A dog in Colorado got sick and was taken to the vet, where, after some trial and error, it was finally diagnosed with the plague. By this point, it had been in contact with well over 100 vets, exposing them to the potentially deadly infection, according to a new case report in Emerging Infectious Diseases.
In December 2017, a 3-year-old mixed-breed dog was taken to a Colorado vet as it was suffering from lethargy and fever. It turned out the dog had been spotted sniffing a dead prairie dog four days previously. Prairie dogs, like most rodents, can carry the plague, and it can be transmissible between other species, including humans, through biting or fleas.
The vets did consider plague, but then dismissed it as unlikely due to a number of factors, including the season; plague infections mostly occur between April and October in the western US, the report states. Dogs are also not very common carriers of the infection; it is much more likely to occur in cats.
They treated the dog with antibiotics, suspecting a bacterial infection. However, the dog continued getting sicker, coughing up blood, and was referred to the Colorado State University Veterinary Teaching Hospital.
Here, the vets again considered and dismissed plague, instead suspecting a lung infection, aspiration pneumonia, common in dogs and caused by inhaling a foreign body, usually from food. Scans and a lung lobectomy seemed to confirm this diagnosis.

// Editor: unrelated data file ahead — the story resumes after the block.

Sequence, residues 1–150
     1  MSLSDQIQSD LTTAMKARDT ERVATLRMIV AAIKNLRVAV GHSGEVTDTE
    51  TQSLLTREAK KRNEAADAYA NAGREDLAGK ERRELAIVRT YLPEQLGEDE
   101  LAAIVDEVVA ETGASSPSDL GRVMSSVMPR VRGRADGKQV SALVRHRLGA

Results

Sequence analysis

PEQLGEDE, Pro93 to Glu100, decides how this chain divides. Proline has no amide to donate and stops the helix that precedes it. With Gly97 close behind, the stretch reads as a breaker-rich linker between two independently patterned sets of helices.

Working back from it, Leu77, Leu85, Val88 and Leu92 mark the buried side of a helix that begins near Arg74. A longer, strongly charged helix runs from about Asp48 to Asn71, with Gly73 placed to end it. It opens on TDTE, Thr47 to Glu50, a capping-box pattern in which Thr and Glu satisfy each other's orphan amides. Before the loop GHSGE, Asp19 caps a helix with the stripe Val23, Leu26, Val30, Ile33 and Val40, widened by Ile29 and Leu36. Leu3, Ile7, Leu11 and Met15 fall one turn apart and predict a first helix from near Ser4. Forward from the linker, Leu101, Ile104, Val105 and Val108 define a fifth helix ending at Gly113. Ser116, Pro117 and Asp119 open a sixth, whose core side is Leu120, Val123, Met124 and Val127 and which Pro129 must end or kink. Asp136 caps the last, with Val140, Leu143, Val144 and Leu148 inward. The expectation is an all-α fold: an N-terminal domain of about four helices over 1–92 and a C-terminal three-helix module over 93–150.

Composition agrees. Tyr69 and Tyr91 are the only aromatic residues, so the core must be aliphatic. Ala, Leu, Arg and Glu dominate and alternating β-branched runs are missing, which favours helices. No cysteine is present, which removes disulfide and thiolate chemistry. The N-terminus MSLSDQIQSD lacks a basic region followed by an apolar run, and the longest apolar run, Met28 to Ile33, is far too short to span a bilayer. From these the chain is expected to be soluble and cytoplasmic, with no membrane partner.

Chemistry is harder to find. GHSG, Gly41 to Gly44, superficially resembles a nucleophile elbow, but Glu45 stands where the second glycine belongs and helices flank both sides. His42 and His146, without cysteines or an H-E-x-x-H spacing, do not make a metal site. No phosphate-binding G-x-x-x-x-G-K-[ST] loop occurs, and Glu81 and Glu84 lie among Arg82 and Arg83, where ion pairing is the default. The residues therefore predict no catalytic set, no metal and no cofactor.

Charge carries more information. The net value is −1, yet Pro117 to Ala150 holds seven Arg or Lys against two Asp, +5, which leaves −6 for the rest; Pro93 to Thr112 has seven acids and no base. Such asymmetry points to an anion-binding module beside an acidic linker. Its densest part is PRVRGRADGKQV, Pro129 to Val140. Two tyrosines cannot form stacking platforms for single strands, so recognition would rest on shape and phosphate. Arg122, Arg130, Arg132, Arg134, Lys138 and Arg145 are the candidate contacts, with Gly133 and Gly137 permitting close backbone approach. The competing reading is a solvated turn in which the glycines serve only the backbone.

However, two days later, a swab test of the dog’s lung tissue revealed the true diagnosis; pneumonic plague, the most deadly strain of the Yersinia pestis bacterium, and the only one that can be transmitted from human to human through breathing in airborne particles from an infected person.
The vets still thought plague so unlikely that their results must be wrong, so they performed the standard Centers for Disease Control and Prevention (CDC) plague test, which confirmed it. In the two days prior, the dog had been moved throughout the teaching hospital, and kept in aerobic incubation – an oxygenated box that vented into an open room.
Once the diagnosis had been confirmed the hospital immediately sent out emails asking anybody who had been in contact with the dog to come forward. In fact, according to the report, word of mouth about the plague being inside the hospital traveled faster than the official communication, and in the end, a total of 116 people were identified as potentially exposed.
“Many expressed frustration that suspicion and diagnosis of plague did not occur earlier,” the study authors wrote.
On top of that, 46 animals housed in the hospital were also considered exposed. Luckily, after drug treatments, no humans or animals were found to have the Y. pestis infection. Sadly, the poorly pupper, patient zero, had to be euthanized.
It’s not the first time a dog in Colorado has contracted pneumonic plague and put humans at risk. In 2014, four people contracted Y. pestis from a dog, the largest outbreak in the US since 1924. Without treatment, the infection has a 100 percent mortality rate. Luckily, it’s rare, there have only been 78 reported cases of pneumonic plague in the US since 1900.
The authors concluded that as the month it occurred in – December being unusually mild that year – was a leading contributor to not diagnosing the plague earlier, with increasingly unseasonal weather and climate around the world, vets should consider the potential for plague risk as a year-round threat.